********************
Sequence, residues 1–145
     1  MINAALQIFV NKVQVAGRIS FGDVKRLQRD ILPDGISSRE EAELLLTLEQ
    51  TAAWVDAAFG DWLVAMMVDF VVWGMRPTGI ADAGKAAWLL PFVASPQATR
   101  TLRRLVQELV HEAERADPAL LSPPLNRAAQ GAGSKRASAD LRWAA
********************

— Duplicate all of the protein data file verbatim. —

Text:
Sequence, residues 1–145
     1  MINAALQIFV NKVQVAGRIS FGDVKRLQRD ILPDGISSRE EAELLLTLEQ
    51  TAAWVDAAFG DWLVAMMVDF VVWGMRPTGI ADAGKAAWLL PFVASPQATR
   101  TLRRLVQELV HEAERADPAL LSPPLNRAAQ GAGSKRASAD LRWAA